Sunday, June 3, 2018
Sunday extra: catnip
As you know if you've been here a while, I grow catnip outside for my cat.
Now, catnip grows pairs of leaves along a stem; those pairs then eventually become branching points for arms, which then again grow leaves along them in pairs again. They then branch as well, and so on a few times. And each subsidiary branch, as far as I can tell, then builds its own separate pipe down the main branch to the root bundle below. But everything works in pair symmetry in a typical catnip plant.
Anyway, a few times I've had a mutant catnip, which grows leaves in triplets instead of pairs. The first time, it essentially had no root system, so the structural gene that got transposed to produce triplets must have overwritten the root structure gene.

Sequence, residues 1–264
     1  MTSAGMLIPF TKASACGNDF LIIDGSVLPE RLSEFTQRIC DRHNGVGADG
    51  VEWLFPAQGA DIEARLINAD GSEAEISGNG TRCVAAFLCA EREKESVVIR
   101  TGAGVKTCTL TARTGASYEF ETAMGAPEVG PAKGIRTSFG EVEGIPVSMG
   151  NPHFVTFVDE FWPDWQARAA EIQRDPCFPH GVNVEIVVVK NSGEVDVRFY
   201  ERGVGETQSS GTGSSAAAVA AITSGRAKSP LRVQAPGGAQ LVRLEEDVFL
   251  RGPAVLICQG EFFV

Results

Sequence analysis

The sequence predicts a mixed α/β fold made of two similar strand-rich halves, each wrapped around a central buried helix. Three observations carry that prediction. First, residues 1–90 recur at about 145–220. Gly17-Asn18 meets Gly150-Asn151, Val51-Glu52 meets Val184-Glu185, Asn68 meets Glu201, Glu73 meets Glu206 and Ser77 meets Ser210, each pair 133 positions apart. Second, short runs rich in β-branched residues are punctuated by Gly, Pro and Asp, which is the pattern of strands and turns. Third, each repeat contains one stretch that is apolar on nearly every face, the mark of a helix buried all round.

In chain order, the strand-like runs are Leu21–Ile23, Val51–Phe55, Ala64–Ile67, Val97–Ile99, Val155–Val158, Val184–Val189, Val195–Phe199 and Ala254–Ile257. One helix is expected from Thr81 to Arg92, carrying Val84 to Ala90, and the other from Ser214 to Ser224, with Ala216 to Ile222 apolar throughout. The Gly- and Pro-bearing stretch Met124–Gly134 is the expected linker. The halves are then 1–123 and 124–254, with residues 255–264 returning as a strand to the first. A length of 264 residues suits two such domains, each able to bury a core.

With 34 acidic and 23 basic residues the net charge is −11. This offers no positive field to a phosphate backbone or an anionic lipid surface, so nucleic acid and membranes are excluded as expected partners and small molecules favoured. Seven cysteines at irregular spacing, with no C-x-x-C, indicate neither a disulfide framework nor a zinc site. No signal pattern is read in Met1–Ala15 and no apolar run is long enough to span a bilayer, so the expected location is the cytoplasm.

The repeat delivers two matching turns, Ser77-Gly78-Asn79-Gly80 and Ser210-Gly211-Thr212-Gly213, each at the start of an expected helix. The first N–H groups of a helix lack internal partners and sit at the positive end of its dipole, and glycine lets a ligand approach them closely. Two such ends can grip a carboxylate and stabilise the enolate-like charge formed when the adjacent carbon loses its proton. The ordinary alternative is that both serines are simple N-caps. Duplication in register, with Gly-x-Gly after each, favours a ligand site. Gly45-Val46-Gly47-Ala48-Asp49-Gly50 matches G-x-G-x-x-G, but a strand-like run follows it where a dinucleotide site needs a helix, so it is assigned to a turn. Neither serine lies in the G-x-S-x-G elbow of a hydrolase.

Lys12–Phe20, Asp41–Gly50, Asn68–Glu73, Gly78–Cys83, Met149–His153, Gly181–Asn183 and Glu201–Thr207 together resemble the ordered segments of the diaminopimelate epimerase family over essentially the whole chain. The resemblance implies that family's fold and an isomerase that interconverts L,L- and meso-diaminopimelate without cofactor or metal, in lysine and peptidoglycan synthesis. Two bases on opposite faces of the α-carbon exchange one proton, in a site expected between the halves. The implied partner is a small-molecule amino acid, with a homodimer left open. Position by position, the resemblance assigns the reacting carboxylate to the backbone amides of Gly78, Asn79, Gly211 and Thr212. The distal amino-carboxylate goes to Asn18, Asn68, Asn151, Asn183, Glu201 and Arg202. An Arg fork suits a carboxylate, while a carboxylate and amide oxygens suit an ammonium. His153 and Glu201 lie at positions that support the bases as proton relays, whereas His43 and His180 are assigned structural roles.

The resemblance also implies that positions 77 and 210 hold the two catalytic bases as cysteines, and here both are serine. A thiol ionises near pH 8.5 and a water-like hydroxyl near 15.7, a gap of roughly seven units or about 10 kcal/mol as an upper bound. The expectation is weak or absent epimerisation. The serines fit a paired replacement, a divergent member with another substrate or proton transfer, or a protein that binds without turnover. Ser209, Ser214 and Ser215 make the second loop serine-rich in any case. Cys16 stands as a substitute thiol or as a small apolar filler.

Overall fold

The second three-leaf catnip plant lived a bit longer, but never grew tall.
But this year:
The plant in the centre is a three-leaf catnip, and it's about the same size as the non-mutant catnip plants around it.
I'll be interested in seeing if it flowers, and if so I might collect all the seeds. Though all my plants this year have just sprouted in the ground without my help from the previous year's seed scatter, thanks to the sunny and wet spring we've had.
But it's neat to see how unstable the structural part of a plant's genetic library is.
As an aside, far to the right of this picture there's what seems to be a mutant mint plant: it's a lighter shade of green, and the leaves are rounder, and it smells of lemon instead of mint. I doubt it's hybridized: it's probably just a devolved mutant mint, because the seed packet I grew it from was crap.